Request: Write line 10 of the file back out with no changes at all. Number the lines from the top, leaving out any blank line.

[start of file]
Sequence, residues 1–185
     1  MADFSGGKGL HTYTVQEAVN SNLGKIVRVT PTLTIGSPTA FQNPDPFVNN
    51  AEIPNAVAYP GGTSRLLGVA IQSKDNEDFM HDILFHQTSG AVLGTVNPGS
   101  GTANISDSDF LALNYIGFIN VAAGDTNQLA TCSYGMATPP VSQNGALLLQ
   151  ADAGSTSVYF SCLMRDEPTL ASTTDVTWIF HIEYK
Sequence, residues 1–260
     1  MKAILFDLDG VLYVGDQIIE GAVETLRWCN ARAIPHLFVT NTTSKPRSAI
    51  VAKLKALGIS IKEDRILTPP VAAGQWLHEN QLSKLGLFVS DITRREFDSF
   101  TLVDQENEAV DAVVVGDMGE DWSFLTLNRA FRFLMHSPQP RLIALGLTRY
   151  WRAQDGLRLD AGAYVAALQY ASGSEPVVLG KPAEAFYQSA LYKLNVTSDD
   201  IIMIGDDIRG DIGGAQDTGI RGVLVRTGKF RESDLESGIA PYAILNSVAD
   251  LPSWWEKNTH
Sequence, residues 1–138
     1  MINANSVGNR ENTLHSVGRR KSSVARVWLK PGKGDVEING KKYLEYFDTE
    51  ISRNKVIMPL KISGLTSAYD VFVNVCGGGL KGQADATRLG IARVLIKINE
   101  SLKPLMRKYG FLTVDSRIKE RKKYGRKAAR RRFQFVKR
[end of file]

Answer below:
   151  WRAQDGLRLD AGAYVAALQY ASGSEPVVLG KPAEAFYQSA LYKLNVTSDD